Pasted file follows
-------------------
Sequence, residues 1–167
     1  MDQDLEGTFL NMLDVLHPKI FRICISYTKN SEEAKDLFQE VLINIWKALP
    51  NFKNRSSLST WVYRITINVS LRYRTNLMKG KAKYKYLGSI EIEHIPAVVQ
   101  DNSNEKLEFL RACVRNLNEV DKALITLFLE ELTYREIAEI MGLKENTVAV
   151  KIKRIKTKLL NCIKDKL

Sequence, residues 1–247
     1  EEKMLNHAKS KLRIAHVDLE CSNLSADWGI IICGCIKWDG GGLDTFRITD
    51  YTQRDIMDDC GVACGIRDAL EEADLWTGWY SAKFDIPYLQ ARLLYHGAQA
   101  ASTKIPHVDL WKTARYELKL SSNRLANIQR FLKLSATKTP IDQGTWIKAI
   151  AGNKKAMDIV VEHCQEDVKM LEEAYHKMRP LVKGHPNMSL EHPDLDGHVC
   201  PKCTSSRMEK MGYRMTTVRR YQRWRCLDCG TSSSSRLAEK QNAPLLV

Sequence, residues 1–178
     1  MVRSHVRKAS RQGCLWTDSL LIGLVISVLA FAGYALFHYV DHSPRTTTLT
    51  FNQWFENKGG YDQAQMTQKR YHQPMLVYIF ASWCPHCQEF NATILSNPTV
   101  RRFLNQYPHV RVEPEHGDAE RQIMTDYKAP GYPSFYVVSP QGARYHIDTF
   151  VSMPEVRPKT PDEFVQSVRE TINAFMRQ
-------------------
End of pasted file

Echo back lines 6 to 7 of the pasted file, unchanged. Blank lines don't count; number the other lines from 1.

Sequence, residues 1–247
     1  EEKMLNHAKS KLRIAHVDLE CSNLSADWGI IICGCIKWDG GGLDTFRITD